It is a shame that, despite their close attention to the inner logic of below-the-line comments, the authors treat their subject matter as if it were hermetically sealed off from the rest of the internet. It is hard to believe that active commenters on newspaper websites and YouTube do not also have social media profiles or an active presence on platforms such as Reddit. Unlike the static model of below-the-line comments, these sites tend to privilege direct confrontationthrough the aggressive retweet or the rough-and-tumble format of the discussion forum. To what extent does this faster, more dynamic virtual landscape – one that is particularly subject to “trends” and “virality” – inflect the way people are politicized? How does engagement with actualite change between different platforms? Given the vast literature on internet-based mobilization and activism, it is surprising to see almost nothing on these wider internet cultures in the book.
Another area that receives too little attention here is the audiovisual dimension of actualite. Apps such as TikTok and Instagram – along with YouTube and other video platforms – have enhanced the visuality of online political debate. Political pronouncements become memes; faux pas are preserved and replayed; archival footage is resurrected and recirculated. Ordinary participants in political debate are no longer limited to written comments on the work of others. Today, they can create actualite themselves using their phones. Boltanski and Esquerre’s focus on below-the-line comments – the contemporary online equivalent of “letters to the editor” – feels rather quaint given the impact of audiovisual media as a site of political struggle in recent years. It is surely significant that mainstream news outlets, including traditional print publications like Le Mondes, additional augment their articles with embedded videos and tweets. They understand where actualite is being made in 2022 better than the authors of this book.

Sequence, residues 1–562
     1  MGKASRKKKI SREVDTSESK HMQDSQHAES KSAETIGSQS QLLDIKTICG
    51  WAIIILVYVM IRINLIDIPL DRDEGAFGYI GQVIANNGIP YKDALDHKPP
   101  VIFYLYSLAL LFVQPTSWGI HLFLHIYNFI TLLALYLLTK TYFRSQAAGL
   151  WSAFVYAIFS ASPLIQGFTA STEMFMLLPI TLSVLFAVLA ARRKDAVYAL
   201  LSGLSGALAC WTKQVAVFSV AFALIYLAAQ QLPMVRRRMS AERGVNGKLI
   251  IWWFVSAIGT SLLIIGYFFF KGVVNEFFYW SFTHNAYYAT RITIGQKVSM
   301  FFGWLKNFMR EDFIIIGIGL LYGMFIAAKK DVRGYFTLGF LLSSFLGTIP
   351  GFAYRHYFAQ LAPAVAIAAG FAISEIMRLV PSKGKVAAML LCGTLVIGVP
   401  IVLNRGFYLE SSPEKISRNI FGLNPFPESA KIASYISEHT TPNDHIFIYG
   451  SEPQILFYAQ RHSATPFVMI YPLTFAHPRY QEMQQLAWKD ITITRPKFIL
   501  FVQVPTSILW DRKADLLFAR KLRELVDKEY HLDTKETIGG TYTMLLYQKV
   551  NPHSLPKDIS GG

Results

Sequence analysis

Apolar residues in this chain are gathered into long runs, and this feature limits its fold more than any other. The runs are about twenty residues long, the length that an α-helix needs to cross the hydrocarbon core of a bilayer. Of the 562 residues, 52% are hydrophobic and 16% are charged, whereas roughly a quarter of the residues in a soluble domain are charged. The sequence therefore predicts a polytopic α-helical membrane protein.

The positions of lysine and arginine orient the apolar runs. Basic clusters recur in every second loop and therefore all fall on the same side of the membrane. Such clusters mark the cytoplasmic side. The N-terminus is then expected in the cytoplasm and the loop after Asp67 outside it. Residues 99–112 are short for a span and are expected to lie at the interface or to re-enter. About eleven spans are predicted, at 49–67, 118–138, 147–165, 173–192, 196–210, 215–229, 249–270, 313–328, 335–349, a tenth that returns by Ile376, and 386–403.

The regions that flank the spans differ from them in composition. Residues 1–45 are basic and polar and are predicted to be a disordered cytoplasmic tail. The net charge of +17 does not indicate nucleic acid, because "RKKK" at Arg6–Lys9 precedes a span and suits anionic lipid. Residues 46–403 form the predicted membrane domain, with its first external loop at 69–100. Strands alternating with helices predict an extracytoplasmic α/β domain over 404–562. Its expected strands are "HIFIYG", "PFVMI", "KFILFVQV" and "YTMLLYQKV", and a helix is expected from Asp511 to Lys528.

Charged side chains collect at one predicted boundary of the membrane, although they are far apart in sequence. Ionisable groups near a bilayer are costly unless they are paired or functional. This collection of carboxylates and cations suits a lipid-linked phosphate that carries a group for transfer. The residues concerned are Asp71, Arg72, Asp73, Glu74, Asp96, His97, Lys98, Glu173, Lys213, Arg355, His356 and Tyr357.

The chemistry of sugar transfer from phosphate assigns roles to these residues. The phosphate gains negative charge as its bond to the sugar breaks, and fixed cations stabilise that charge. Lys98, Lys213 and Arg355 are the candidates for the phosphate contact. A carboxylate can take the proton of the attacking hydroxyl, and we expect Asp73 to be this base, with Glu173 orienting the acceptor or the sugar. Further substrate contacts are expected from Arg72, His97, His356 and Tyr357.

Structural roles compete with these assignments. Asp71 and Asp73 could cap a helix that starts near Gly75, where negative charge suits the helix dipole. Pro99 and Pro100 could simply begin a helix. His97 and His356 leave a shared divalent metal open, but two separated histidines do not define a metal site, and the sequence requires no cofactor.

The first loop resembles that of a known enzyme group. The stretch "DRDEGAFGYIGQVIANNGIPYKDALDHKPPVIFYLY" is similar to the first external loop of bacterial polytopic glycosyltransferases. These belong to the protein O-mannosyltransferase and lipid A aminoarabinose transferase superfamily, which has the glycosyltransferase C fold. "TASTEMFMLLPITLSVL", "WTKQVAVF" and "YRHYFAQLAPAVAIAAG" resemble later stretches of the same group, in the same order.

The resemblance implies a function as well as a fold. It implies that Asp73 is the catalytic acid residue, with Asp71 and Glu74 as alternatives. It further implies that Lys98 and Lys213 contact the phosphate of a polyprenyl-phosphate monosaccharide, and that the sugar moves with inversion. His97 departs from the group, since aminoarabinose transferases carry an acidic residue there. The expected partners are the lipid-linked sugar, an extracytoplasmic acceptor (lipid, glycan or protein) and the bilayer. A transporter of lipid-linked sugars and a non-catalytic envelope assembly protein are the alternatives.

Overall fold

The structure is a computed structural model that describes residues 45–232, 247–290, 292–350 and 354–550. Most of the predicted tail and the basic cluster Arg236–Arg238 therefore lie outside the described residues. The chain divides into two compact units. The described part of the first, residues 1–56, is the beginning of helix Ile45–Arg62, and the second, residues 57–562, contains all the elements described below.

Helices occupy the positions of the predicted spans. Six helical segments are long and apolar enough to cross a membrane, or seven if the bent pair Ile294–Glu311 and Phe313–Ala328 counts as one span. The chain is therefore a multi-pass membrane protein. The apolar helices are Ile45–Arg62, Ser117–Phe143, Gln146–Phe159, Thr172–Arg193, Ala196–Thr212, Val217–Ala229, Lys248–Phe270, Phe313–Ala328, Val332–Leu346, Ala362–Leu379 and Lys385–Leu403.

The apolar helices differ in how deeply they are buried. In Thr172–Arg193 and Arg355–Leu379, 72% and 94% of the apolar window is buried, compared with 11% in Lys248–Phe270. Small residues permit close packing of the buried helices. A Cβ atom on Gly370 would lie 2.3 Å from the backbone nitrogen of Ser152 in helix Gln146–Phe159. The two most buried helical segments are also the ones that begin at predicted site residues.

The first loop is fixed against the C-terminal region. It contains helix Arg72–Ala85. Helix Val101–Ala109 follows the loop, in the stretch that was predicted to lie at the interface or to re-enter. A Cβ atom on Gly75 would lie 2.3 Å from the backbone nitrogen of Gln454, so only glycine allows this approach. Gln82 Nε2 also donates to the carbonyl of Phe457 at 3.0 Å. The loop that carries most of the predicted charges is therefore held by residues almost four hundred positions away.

Fundamentally, Luc Boltanski and Arnaud Esquerre’s conceptually rich but frustratingly abstract analysis elides the ephemeral quality of their subject matter. For all that the authors are concerned with political temporality, they seem not quite to have grasped the transient nature of internet time. So much internet commentary exists as a momentary intervention in a vast echo chamber. Of course, one might argue that, cumulatively, many such interventions can have a powerful effect on an individual and their politicization. But it is hard to avoid the sense that online jousting in below-the-line comments is part of an elaborate, self-conscious game that leaves a few traces. Rather like Marine Le Pen’s cats, a stray comment on YouTube will soon be forgotten when the commenter uncovers another viral meme to pass the time between coffee breaks, or electoral cycles.
Emile Chabalis a Reader in History at the University of Edinburgh. He is a specialist in twentieth-century European political and intellectual life, with a particular interest in France. His most recent book isFrance,2020